TV reviews: Granite Harbour (BBC1), The Traitors (BBC2), Trailblazers - A Rocky Mountain Road Trip (BBC2)
You see, I was rather hoping it might lead to us meeting Arabella Stonehaven, Petronella Banchory, Lucinda Peterhead and Thomasina Cruden Bay.
Well, why not? Inclusivity is a big part of this BBC1 show – and all TV right now, of course – so let’s have a’ the airts namechecked, no matter how clunkily contrived this might be.
To be serious, the second disappointing thing about Granite Harbour is that it isn’t very good.
Fatuously, it’s a pre-watershed detective drama, which defeats the purpose somewhat. “Girls, guns and guts,” went the Bonzo Dog Doo-Dah Band ditty “Big Shot”. This show, with one arm tied behind its back, can offer none of these staples.
For those who didn’t watch at 7pm last night, but find it on catch-up and are unaware of the restrictions, you’re bound to wonder – is this sibling scuffle in the street all we’re going to get for aggro?
Call that a car chase? What about some sexual tension between the sassy tec and her new sidekick? (Actually, I’ve just remembered: sex in Aberdeen is rigorously controlled under ancient by-law).
Davis Lindo, played by Romario Simpson, is the sidekick.
He’s arrived at the local cop shop from Jamaica via a scheme called Duo – “Diversity, Unity, Opportunity” – which must make Granite Harbour the first show to have diversity written into the script and uttered by a cast member.
Previously, Lindo was with the Royal Military Police. The dream of becoming a detective at New Scotland Yard brought him to Britain, but unfortunately he’s only made it as far as north-east Scotland and a dour incident-room that’s befitting the grey cityscape, but doesn’t do much for our entertainment.
Dourest of the lot is Detective Inspector Jay Mallick, though he offers a half-decent line when interrogating a suspect in the killing of an oil baron – “this ‘no comment’ crap might work on the telly, but not in real life”.
Granite Harbour, though, is not real life. If it was, I reckon Lindo, who does his best to brighten up the place with his loud ties and impetuosity, would take Mallick round the back of the station and sort him out.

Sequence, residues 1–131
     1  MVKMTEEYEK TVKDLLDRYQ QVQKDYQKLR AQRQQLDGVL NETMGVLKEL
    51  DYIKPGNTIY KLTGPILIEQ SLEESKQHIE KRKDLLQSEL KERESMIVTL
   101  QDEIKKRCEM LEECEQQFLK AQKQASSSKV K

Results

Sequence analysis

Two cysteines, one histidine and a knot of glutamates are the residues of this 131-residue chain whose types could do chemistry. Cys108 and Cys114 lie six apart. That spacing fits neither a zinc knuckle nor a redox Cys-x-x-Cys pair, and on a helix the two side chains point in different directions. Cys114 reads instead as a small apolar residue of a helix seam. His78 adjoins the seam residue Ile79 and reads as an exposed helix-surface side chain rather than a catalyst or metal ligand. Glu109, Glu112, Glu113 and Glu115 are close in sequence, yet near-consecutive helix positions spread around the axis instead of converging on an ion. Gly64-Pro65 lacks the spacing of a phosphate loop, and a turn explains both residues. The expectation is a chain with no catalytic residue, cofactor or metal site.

Not that I’m advocating violence, you understand. And anyway, Granite Harbour wouldn’t be allowed to show it.
So perhaps Dawn Steele, who plays the DCI, could send him on a training course, and preferably one run by a clown school.
From Aberdeen we move across country to “a castle in the beautiful Scottish Highlands”, the setting for The Traitors (BBC1), which is yet another group-jeopardy reality show.
That it comes right after the best-ever I’m a Celebrity … Get Me Out of Here! is unfortunate timing, with the latter attracting new viewers (me included) for the world’s-gone-mad spectacle of a disgraced ex-government minister embarking on a redemption tour to reveal his “fun” side after all those needless care-home deaths during the pandemic.
Nevertheless, the billing is for “the ultimate game of deception, skill and trust”.
From the 22 assembled strangers, most are assigned the roles of “faithfuls”, but a handful are “traitors” who are out to “kill” them.
No actual murdering happens, of course. So a lot rides on mistress-of-ceremonies Claudia Winkleman’s revealing her “sinister” side.
Does she have one? I’m not sure.
Her ditzy girlie Strictly persona is, like her eye make-up, not so easily shifted. But she isn’t the main problem with The Traitors. Answers on a postcard, please, if you can remember a more irritating bunch of screechers to have appeared on primetime in pursuit of a cash prize.
Everyone is over-excited all of the time. It’s like they’ve never seen a castle in the beautiful Scottish Highlands before.
It’s like they’ve never drunk cocktails before. And when Winkleman appears from behind an ornate door to issue the latest decree, I’m sure that at least half a dozen of them are actually peeing themselves.
The contestants, we’re told, have come from “all over the British Isles”. Yes, yes, but are they “diverse”?
Well, there’s a spa therapist and a cheerleading coach, both men. During the opening task someone remarks about “all the alpha males” having formed themselves into a team. Really, alpha males? Where?
The task is a sort of tribute to The Wicker Man. What, you mean Edward Woodward was flambe-d alive for this, for The Winkle Woman and these perishers?
The least annoying competitor is Andrea, who’s the oldest at 72. “How good are you at lying?” Winkleman asks. “Pretty good,” she replies. “I used to work for the British Government.”
Celebrity travelogues – don’t they curl your teeth? Well, Trailblazers – A Rocky Mountain Road Trip (BBC2) is good fun.
An unlikely line-up of Ruby Wax, Melanie “Scary Spice” Brown and Emily Atack set out to re-trace the epic expedition through the Rocky Mountains of Colorado of Victorian explorer Isabella Bird.
The trio bond well, but the revelation is Atack. The Inbetweeners actress is tabloid catnip, her tumultuous love life the subject of near daily bulletins. But, finding herself so far from her gadabout life, out of range of her celeb version of Tinder, meeting a man who lives atop a lofty peak on his lonesome, learning about kindling, is the equivalent of a spiritual awakening.
“I think the chaos of London is the most important thing, but I’m ignorant,” she says, laying bare all her emotional self-indulgence.
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